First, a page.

My first day on the job was unbearable – much worse than I could have imagined. A day filled with shame, a textbook lesson in humility. My strength, my stamina, my intelligence, what I regarded as my superiority, ended up not being worth a bent nail. Before I stepped on that construction site that first day at 6:45 a.m., I had no idea what a hod was. Nevertheless, my entire life the word had been embedded in the family lexicon, a redolent symbol, seared into my collective unconscious. These days, I’m certain, hods are for the most part obsolete.

According to Webster’s, a hod is "an open box attached to a long pole in which bricks or mortar are carried on the shoulder." I find this an oversimplified definition, but adequate. The box is really a wedge one loads with bricks or mortar, then assumes on one’s trapezoid the sharp weighted angle of the V, balancing the entire affair with a pole the length of a hoe handle, and totters across the pocked and littered site toward the bricklayers screaming at you to hurry the fuck up.

I loaded my first hod full of oozing mortar, situated myself at the hod stand as if assuming a brace of barbells to press, and stepped away with it on my shoulder. It was precisely like having a hundred pounds of concrete loaded into your skull, and a giraffe’s center of gravity. Like a drunkard, I staggered for a moment, a slurry of mortar spilling over my face and torso, then managed before I toppled to get it racked back in the stand. I took a few more cracks at the hod, the bricklayers yapping unmercifully for me to hustle, but I just couldn’t finesse it. The physics, not to mention the necessary Herculean strength, were too befuddling. I found a couple of five gallon metal buckets, shoveled them full of mortar and, one in each hand, humped mud like that all day. My attempt to transport bricks in the hod was equally pathetic, so I ended up using brick tongs, a clamped span of ten bricks in each hand.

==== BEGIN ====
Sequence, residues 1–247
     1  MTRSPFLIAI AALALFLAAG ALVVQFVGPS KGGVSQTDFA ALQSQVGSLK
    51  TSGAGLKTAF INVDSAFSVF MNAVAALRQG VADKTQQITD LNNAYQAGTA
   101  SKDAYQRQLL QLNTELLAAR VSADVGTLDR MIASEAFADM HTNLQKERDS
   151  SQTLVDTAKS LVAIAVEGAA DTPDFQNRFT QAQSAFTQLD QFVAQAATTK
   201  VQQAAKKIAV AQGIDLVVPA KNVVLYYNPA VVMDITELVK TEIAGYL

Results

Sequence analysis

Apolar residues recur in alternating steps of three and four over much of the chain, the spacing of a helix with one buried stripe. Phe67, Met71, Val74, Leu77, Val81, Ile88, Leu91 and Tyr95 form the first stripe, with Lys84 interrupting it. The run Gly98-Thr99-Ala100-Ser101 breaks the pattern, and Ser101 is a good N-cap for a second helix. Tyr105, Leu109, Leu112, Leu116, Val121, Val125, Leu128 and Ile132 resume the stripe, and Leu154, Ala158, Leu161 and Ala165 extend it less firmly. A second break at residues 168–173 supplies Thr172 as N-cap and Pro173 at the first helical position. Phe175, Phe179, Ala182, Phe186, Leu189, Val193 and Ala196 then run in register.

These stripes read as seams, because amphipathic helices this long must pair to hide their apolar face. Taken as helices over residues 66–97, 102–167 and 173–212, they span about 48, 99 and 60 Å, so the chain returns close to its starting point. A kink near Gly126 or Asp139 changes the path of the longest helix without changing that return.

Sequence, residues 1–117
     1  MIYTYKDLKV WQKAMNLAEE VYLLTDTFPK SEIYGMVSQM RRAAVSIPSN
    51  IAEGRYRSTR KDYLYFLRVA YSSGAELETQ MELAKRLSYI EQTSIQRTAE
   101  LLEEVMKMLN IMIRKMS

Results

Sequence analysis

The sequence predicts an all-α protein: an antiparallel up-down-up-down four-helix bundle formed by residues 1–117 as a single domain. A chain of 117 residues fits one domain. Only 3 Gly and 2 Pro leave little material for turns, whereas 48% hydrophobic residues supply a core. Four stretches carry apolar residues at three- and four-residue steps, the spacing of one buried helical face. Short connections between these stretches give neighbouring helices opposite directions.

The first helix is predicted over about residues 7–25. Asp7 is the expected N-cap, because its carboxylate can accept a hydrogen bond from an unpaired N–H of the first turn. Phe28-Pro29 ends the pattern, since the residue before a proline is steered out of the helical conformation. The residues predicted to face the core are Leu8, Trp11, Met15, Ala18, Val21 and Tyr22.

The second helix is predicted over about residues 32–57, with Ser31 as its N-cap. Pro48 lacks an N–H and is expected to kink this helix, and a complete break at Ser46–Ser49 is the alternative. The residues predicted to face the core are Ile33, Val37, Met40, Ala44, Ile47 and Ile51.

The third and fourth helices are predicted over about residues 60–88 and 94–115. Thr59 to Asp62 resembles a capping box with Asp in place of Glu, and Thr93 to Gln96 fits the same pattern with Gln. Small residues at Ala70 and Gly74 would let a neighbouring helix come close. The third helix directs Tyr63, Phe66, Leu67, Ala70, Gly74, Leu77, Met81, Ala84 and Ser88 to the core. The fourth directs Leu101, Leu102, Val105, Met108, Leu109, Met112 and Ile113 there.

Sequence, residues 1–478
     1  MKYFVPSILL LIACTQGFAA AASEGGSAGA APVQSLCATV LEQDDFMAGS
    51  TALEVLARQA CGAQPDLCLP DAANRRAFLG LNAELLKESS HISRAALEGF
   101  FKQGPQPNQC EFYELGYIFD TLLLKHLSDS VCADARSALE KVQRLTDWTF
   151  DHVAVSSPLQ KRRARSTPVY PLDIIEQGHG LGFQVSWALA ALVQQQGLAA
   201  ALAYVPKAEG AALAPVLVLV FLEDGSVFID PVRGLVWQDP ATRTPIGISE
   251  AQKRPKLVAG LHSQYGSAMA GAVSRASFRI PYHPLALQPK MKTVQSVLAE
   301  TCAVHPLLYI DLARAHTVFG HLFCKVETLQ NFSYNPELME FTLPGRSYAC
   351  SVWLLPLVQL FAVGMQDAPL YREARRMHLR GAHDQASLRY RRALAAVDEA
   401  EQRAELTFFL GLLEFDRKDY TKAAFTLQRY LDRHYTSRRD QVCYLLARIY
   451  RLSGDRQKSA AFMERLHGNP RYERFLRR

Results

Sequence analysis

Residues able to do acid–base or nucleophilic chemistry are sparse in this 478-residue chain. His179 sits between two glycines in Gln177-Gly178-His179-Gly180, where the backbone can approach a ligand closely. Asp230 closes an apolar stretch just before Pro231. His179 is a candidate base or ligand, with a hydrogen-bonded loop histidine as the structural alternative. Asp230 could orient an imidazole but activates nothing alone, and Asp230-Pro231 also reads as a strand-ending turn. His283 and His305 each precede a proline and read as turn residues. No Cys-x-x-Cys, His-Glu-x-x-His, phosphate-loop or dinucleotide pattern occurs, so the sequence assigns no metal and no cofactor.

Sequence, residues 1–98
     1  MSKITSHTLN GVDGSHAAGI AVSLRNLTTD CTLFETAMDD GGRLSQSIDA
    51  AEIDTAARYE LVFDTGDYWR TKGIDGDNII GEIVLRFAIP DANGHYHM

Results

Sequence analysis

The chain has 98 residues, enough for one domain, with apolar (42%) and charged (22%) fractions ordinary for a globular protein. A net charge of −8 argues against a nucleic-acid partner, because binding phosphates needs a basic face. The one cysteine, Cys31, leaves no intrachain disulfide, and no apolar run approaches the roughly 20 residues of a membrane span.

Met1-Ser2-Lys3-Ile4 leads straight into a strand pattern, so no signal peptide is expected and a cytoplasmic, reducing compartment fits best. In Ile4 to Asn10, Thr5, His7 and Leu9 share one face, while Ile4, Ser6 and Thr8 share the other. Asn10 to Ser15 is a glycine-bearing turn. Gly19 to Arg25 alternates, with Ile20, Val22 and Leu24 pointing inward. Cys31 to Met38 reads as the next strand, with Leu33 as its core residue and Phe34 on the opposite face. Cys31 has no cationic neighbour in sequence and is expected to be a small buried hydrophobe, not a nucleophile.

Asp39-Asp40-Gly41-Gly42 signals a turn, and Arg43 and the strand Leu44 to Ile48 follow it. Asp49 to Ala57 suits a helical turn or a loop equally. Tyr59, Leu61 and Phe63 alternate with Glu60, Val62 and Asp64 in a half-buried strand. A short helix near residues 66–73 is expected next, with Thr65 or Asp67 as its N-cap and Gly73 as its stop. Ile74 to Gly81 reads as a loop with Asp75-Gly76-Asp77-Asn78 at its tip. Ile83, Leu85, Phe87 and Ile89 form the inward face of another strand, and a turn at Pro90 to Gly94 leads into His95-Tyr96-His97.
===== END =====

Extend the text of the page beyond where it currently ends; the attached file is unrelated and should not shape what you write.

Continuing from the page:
Of course, the bricklayers and the other laborers made fun of me – Leo’s nephew, some sissy college kid. The day was sheer misery, a horrifying soul-searing workout. By 3:30, quitting time, I was a mess, like I had been worked over under the hot blistering sun by a squad of nuns. More than anything, I was terrified I’d have to quit, simply give up, the kind of admission I don’t think I ever could have come to grips with. I didn’t know how I’d be able to last the summer. The disgrace of it all, the death blow to my early manhood, would have been too much to bear. But, day by day, lurch by lurch, I got the hang of it, and became a tolerable laborer, and even developed the kind of masochistic affection for it that one sometimes feels upon finishing a race that nearly kills you.

After going steady all day with the hod, I drove home; and, still in my sodden work clothes, jumped on a borrowed ten speed, and pedaled miles through the city streets, took a shower, and ate supper with my parents – one notch less in the numbered days we had left together under the same roof. My father, a millwright on the open hearth at Edgar Thomson Steel Works, in Braddock, PA, the first steel mill Andrew Carnegie had opened in America, arrived home by 4:30. A swell cook, he had supper on the table when my mother, a seamstress, downtown, in Brooks Brothers tailor shop, barged in from the bus stop, laden with packages and a chip on her shoulder. Like me, she bristled at authority.